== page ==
Second in command of C Company Lieutenant Peter Kennedy, says the first major battle the British Army had fought for a generation, was something like out of World War One.
Now a retired Major, Mr Kennedy had just given the order to fix bayonets: “Initially when we went over the top it was so comical, I started whistling the theme tune from Dad’s Army.
“Some of the soldiers joined in. We soon stopped whistling. It was absolutely terrifying.”
The battle of Goose Green was the first and hardest fought battle of the Falklands War, from May 27 to May 29 1982. British troops had landed at San Carlos Bay five days earlier and politicians back in the UK were desperate for some early wins to boost morale.
The former paratrooper will be reliving the battle - with the help of sound effects, film clips, and some of the weapons used- in a fundraising talk at the Army Foundation College at Harrogate on May 27 the 40th anniversary.
The odds were stacked against 2nd Battalion, Parachute Regiment (2 Para),as they were heavily outnumbered and lacked proper fire support.
C Company was in reserve, but towards the end they were called in to capture the last hill and airstrip overlooking Goose Green.
“We were told it was a mopping up operation - we’d captured or killed most of the enemy and we thought there’d be just a few rounds fired at us.” However all hell let loose, with fire from medium and heavy Browning machine guns. Then mortar rounds started falling and heavier artillery- the most daunting coming from the eight anti-aircraft guns that surrounded the airstrip.
They dived for cover - but there wasn’t any, the ground as flat “as a billiard table”.
Mr Kennedy, pressing his face to the earth, envied a bug crawling safely on a blade of grass.
“You freeze and you scream out for your mother, but no one comes - you have to get a grip and start firing back,” said Mr Kennedy who had done two tours in Northern Ireland.
“I managed to get hold of the mortar fire controllers and bought down mortar and artillery fire onto the anti-aircraft guns and took out four of them.”
They could see the puffs of smoke showing where the enemy was firing from but were told their artillery couldn’t be used as they were too close to the village “so we had to get the guns ourselves”.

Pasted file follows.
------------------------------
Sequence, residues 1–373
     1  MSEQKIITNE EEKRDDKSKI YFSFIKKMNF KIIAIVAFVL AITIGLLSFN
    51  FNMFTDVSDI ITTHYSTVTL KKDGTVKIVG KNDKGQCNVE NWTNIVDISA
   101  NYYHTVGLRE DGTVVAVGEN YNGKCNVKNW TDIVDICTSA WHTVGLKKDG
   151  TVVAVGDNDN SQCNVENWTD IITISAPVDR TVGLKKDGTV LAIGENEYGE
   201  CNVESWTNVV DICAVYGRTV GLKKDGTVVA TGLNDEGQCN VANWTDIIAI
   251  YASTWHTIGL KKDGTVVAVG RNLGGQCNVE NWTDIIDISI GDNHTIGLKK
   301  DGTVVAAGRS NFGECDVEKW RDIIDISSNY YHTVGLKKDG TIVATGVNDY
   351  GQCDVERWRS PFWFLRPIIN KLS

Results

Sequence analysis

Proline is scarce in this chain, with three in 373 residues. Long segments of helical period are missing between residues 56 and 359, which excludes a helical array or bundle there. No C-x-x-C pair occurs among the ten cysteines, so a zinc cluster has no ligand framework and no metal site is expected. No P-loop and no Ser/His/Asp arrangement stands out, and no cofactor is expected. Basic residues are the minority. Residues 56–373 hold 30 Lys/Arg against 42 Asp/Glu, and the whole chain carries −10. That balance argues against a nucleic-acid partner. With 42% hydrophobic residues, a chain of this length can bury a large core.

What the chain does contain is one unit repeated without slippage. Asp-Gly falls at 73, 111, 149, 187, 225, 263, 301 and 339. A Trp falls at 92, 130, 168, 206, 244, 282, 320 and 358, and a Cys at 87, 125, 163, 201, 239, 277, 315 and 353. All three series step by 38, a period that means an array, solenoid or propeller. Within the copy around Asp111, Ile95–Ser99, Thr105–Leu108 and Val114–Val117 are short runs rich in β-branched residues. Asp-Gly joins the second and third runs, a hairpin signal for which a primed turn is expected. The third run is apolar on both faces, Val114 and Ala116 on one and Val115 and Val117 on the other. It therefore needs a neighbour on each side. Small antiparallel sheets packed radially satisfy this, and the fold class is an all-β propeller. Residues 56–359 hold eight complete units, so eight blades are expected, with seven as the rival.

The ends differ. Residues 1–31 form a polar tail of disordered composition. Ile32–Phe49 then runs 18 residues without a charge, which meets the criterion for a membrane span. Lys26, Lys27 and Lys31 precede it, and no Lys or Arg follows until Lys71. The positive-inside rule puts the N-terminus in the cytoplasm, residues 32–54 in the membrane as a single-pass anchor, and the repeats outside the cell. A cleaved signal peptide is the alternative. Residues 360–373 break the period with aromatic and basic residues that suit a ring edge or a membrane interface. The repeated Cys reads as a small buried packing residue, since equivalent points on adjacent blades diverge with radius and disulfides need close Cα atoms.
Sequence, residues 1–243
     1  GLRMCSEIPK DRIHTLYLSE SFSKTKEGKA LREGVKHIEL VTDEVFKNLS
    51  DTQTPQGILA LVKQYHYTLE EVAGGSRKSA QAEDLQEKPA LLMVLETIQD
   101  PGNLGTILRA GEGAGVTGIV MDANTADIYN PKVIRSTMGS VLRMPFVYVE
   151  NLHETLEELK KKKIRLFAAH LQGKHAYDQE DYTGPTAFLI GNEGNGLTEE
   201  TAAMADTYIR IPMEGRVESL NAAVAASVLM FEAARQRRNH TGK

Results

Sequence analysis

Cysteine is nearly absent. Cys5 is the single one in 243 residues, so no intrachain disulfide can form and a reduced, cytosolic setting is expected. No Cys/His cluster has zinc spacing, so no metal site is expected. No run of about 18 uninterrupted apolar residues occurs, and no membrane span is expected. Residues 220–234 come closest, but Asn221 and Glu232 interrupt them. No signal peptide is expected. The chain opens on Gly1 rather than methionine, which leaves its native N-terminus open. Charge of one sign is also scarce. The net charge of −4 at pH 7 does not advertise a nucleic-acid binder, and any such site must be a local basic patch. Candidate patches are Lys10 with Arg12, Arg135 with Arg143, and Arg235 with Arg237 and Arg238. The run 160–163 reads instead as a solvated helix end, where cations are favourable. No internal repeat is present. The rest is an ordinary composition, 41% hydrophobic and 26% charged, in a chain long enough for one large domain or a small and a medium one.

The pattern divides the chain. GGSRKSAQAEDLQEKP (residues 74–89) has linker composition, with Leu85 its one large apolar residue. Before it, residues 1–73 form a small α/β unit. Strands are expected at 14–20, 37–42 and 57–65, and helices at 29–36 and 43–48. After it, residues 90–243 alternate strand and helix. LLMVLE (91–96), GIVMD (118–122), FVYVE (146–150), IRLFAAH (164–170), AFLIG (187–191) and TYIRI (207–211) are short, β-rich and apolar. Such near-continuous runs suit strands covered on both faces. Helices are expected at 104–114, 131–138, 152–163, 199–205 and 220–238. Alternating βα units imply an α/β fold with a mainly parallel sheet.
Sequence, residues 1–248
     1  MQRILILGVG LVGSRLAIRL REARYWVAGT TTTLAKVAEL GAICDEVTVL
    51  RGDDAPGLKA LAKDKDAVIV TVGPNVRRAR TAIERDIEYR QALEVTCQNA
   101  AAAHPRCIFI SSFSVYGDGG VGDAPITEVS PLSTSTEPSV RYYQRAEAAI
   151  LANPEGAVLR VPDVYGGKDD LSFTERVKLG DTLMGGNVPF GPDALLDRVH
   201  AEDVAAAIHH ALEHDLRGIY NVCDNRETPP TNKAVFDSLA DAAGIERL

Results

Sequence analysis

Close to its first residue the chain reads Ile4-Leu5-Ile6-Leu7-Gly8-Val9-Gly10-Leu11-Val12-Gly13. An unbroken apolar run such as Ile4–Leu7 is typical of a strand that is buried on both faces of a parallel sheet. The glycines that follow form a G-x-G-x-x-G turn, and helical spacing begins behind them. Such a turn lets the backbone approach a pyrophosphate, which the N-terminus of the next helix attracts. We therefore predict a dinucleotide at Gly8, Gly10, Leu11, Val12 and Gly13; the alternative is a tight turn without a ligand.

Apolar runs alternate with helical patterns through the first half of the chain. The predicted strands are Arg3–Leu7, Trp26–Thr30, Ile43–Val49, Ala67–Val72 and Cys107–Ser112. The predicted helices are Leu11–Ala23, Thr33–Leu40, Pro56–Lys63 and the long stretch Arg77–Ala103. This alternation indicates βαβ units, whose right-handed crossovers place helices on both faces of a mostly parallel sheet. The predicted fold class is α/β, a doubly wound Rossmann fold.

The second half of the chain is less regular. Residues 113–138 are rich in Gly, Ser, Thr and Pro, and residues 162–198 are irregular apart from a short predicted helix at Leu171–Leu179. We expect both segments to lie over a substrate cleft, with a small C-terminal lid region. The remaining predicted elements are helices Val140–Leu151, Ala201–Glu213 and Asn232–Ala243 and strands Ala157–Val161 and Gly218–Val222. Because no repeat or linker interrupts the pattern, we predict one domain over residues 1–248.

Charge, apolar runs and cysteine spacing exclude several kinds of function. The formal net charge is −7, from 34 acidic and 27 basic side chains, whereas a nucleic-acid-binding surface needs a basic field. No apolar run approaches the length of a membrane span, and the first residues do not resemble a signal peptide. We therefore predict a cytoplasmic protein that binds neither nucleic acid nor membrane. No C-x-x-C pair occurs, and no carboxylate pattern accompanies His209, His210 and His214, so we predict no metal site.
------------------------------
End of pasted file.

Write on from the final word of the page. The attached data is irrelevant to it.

2 Para had lost 20 men in Northern Ireland, 16 in the Warrenpoint bombing of 1979. But he says the Falklands - where they lost 18 men killed in just six or seven weeks - was much more intense and dangerous.
“You are living absolutely on the edge. The excitement kicks in, and there’s a serotonin and endorphin rush which makes you run forward. You can go from coward to hero in seconds.”
After the company commander was wounded, Mr Kennedy took command, capturing the last hill and the enemy flag on its summit.
While the merits of the battle are still hotly debated, he believes it was the right thing to do, and says every clash after that was easier as the Argentinians “knew what was coming” as well as reminding their own troops what it was like to be in a “proper” war.
He recalls commanding officer Lieutenant Colonel ‘H’ Jones - who was awarded the posthumous Victoria Cross - reacting to the order to attack with schoolboy delight and says friends who weren’t there missed a “great adventure”.
He accepts it is all a matter of perspective. 2 Para lost 17 killed and about 35 wounded, while the Argentinians lost about 55 killed and 86 wounded.“The people who came out physically and mentally OK look back and think it was a high point, people who were badly injured may have a different perspective and then there were those who were killed,” he says.
Peter Kennedy’s talk is from 7pm to 9.30pm on May 27. Proceeds will be shared between Support Our Paras, Sue Ryder Hospice, ABF The Soldiers’ Charity, and The Royal British Legion.
There will be a small military display of weapons and equipment outside the lecture theatre. Cash bar for food, drinks and raffle. Book tickets (£15) on www.eventbrite.co.uk/e/the-falklands-conflict-40th-anniversary-tickets-292471659607